As was revealed by Prof. Sarah Lamb (ANTH)’s Nov. 14 letter to the editor, some faculty members have taken it upon themselves to advocate for students by writing to University administration. Some faculty also attended the student-led walkout to protest on-campus police violence on Nov. 13. 

Such efforts to voice their opinions come at a significant risk for faculty members — especially those who are untenured. Due to their unsecured status, untenured professors often feel as though they are under constant surveillance by the University, even during less turbulent times. As such, untenured professors must be doubly careful when it comes to managing current anxieties on campus, especially if their opinions do not align with those of the University. 

We as students are incredibly grateful for all that faculty have done for us — especially when all the administration has offered to us are emails and “Talking Circles,” which are also being run by faculty. However, this editorial board would also like to recognize the mental and emotional burden that this work places upon faculty. As many faculty sacrifice their personal time to help students, we are left to wonder: Who is supporting them?

The administration’s dismissive responses to faculty concerns at the Nov. 10 emergency meeting make it clear that the University is doing little to help its faculty members. If anything, the University may be making things worse. In conversations with members of this editorial board, professors have expressed their frustration at the lack of communication from the administration about events occurring on campus. Students are often the ones keeping professors informed about developing tensions on campus. For example, faculty and staff were not made aware that the University had derecognized its chapter of Students for Justice in Palestine until Nov. 8 — two days after the student body found out about the decision via  an Instagram post made by SJP.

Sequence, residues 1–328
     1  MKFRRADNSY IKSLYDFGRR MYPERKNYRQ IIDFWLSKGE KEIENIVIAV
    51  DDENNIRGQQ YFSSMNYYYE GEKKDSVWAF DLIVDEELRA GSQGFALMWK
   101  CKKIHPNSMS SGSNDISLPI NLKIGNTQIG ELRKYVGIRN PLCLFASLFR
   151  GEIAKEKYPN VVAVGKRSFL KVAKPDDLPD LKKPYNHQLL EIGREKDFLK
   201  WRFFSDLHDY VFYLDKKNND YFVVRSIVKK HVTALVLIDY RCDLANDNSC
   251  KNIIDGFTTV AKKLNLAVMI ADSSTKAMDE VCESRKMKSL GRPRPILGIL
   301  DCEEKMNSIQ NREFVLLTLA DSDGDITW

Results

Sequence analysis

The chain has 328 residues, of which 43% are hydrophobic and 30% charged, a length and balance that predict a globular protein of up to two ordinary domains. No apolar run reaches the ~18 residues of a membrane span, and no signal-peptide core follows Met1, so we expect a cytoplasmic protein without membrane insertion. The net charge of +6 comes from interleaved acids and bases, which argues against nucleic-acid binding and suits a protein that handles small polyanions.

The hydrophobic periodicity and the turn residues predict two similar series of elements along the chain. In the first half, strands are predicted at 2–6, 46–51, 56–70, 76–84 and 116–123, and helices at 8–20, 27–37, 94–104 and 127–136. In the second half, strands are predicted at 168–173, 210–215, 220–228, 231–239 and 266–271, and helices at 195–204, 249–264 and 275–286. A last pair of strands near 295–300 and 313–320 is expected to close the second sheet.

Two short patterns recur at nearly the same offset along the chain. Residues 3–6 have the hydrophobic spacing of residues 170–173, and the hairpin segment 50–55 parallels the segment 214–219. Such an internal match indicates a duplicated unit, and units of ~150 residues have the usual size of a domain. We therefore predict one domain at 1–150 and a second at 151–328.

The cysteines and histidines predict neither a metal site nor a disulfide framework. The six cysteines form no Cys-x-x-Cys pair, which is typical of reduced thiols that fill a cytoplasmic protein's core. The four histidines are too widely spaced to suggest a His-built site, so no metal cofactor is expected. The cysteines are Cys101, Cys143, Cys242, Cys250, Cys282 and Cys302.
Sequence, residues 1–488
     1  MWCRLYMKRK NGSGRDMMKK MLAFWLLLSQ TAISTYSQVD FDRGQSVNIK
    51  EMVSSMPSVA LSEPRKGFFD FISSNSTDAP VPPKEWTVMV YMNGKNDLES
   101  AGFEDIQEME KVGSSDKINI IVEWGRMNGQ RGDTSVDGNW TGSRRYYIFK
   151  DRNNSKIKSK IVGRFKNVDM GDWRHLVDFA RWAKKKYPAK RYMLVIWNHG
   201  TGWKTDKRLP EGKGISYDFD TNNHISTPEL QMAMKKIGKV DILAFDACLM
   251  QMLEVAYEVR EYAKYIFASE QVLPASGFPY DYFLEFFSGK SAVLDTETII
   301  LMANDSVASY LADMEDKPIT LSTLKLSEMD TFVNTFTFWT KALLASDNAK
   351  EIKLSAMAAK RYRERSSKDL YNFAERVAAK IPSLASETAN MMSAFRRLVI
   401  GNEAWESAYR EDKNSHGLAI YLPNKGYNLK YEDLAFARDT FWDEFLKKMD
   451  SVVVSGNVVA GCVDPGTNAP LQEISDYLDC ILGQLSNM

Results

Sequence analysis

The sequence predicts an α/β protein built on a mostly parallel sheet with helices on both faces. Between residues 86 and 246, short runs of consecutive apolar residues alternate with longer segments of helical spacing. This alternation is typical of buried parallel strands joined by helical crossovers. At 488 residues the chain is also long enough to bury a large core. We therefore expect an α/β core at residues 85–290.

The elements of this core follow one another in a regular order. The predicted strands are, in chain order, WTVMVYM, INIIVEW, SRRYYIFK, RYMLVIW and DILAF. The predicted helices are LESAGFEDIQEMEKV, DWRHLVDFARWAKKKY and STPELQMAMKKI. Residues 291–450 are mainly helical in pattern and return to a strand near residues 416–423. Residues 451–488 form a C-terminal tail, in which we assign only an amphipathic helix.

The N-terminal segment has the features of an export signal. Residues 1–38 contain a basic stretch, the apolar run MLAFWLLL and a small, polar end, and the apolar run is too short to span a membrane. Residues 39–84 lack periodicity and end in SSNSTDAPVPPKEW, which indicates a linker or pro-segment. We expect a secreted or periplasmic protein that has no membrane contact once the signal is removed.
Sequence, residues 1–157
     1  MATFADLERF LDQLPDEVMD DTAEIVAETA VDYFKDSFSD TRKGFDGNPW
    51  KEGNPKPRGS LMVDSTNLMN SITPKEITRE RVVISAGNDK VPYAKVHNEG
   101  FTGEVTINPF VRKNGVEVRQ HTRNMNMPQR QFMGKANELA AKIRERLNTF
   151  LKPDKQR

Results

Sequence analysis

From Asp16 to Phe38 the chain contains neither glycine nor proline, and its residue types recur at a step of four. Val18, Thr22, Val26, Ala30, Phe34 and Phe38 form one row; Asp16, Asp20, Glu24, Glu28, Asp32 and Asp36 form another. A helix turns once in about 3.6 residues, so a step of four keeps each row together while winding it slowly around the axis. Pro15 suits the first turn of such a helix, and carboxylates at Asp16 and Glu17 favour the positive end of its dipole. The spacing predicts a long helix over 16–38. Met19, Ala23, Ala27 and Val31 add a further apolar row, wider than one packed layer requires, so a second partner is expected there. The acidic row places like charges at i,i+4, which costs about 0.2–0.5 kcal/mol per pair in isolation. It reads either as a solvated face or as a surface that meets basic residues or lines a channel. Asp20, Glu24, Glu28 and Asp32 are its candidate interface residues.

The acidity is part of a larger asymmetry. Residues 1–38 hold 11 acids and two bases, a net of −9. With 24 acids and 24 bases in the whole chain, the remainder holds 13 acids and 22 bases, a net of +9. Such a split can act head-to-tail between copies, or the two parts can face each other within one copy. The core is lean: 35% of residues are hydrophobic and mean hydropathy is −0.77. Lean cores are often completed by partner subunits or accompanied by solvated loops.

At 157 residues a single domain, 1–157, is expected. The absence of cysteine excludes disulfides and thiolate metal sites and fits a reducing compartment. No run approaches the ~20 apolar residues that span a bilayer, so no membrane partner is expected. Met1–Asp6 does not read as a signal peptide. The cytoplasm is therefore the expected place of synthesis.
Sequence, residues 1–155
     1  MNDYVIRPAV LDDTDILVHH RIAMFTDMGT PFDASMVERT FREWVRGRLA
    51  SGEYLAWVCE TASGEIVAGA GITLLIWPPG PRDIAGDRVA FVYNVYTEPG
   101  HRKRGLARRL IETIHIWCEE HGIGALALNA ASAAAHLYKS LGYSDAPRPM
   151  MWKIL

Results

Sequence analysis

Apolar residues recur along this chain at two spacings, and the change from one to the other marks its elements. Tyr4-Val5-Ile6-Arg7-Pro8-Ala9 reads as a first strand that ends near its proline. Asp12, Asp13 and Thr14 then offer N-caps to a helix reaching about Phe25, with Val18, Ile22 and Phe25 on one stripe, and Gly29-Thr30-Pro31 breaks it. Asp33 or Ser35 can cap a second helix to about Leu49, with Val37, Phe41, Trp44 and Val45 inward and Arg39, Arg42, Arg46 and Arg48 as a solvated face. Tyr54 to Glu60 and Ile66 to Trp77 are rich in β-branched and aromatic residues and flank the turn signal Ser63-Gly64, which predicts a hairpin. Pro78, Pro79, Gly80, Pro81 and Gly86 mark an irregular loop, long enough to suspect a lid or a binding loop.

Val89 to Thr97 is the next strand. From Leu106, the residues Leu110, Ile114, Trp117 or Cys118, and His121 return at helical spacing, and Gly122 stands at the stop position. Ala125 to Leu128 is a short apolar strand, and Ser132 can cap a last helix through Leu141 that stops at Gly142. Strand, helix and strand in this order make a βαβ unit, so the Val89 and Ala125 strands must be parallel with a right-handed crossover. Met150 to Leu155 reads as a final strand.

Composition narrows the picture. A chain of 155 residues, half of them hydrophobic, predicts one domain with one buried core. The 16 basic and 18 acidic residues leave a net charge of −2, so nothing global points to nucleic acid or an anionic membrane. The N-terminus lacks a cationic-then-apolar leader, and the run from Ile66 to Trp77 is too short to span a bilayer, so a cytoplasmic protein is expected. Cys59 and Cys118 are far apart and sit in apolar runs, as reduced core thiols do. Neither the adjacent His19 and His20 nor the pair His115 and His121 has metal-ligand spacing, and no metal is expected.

Leaving faculty in the dark about issues that are impacting students on campus makes their jobs even more difficult as professors cannot aid students if they are not aware that they are struggling. In the most recent faculty meeting on Nov. 17, faculty expressed their desire to receive emails from administration about all issues that may impact their students.

Some communications from administration have also been less than helpful. Before the walkout on Nov. 13, faculty received an email from administration telling them not to cancel classes or move classes to Zoom. Urgings such as these place limits on the measures that professors can take to accommodate students, as well as make it difficult for professors to preserve their own personal sense of comfort and safety. 

Professors have openly admitted to several members of this editorial board that they are burnt out. On top of their normal responsibilities as University faculty members, professors must now also manage the newfound stress that comes with working in a community that is anxious and grieving. 

As individuals who are familiar with the feeling of being unsupported on campus, this editorial board urges the University to do a better job of listening to the needs and concerns of its faculty. Professors are people too, and they cannot be expected to bear such heavy burdens without any assistance from the institution that they do so much for.